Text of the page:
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U.S. review of supply chains beneficial to Taiwan: scholar

2021-02-26  English News
Image from Pixabay for illustrative purposes
圖說 : Image from Pixabay for illustrative purposes
Taipei, Feb. 25 (CNA) A decision by U.S. President Joe Biden to launch a comprehensive review of the country's critical supply chains will be beneficial for Taiwan, as the U.S. has indicated that it will work with its allies in this regard, a Taiwanese scholar said Thursday.

Biden signed an executive order the previous day directing a 100-day review of the supply chains for four types of products -- active pharmaceutical ingredients, critical minerals, semiconductors and large-capacity batteries such as those used in electric vehicles.

The review will "help address the vulnerabilities in our supply chains" so that "the American people are prepared to withstand any crisis and rely on ourselves," Biden said at the signing ceremony.

Biden highlighted in particular a recent shortage of semiconductors in the U.S. that has caused delays in automobile production there.

He said the government has been working with industry leaders to resolve the shortfall and has reached out to U.S. allies for help.

Going forward, building stronger supply chains in the U.S. will mean increasing domestic production, as well as "working more closely with our trusted friends and partners, nations that share our values," he said.

Although Biden did not specifically mention Taiwan on this occasion, the U.S. appealed to Taiwan to help with the semiconductor chip shortages in January.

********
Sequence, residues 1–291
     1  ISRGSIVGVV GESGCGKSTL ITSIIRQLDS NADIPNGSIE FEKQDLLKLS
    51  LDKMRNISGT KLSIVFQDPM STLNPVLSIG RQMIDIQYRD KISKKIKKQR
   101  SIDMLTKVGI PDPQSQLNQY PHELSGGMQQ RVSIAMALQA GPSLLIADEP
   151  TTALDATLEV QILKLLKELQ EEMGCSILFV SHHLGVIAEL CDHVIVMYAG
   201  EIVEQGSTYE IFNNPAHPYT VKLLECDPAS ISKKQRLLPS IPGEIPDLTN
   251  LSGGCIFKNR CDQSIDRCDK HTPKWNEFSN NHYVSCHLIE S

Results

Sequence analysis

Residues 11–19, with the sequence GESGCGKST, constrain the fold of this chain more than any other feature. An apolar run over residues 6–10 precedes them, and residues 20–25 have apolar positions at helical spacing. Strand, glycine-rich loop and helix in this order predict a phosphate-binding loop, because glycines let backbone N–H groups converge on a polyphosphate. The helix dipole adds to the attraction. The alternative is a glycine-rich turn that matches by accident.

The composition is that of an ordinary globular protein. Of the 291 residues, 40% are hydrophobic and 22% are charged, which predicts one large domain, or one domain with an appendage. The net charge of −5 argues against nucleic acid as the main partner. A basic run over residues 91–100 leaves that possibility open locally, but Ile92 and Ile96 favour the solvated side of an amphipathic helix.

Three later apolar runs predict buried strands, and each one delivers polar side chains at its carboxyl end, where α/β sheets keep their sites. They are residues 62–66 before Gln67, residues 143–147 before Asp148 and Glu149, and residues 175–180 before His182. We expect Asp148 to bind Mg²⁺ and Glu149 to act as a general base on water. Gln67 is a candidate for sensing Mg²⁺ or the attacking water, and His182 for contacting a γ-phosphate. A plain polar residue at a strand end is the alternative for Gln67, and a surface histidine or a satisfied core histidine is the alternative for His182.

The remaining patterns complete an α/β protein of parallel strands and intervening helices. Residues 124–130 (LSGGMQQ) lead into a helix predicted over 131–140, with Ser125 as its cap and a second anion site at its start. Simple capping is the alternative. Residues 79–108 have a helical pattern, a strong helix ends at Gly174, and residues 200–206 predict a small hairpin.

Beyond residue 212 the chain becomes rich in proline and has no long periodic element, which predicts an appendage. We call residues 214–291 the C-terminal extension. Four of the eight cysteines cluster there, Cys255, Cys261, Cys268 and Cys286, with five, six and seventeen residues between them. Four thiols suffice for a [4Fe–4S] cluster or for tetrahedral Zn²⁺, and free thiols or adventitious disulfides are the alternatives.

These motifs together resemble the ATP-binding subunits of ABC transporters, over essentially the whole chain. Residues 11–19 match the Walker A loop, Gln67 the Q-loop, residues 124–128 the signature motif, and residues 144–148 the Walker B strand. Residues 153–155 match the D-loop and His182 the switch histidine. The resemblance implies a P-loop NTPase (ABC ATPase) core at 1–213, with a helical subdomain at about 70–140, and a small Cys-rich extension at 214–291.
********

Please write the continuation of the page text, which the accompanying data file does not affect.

Media outlets such as Japan-based Nikkei Asia have also reported that Washington is expected to pursue partnerships with Taiwan, Japan and South Korea in chip production.

If a U.S.-Taiwan alliance in the semiconductor field does emerge, it will be good news for Taiwanese companies, Liu Pei-chen, a researcher at the Taiwan Institute of Economic Research (TIER), told CNA Thursday.

The U.S.' strengths in integrated circuit design, artificial intelligence and self-driving cars will help advance Taiwan's semiconductor industry, and more Taiwanese companies -- not just Taiwan Semiconductor Manufacturing Co. -- will be able to secure more opportunities to collaborate internationally, said Liu.

Asked whether Taiwan's recent water shortage could affect the production abilities of domestic chipmakers, Liu said that so far, the industry has not suffered any impact in that regard.

The water shortage should be alleviated by the plum rain season from April to June, she said, although she acknowledged that there is a possibility that the shortage will worsen, which will in turn push up the price of chips.

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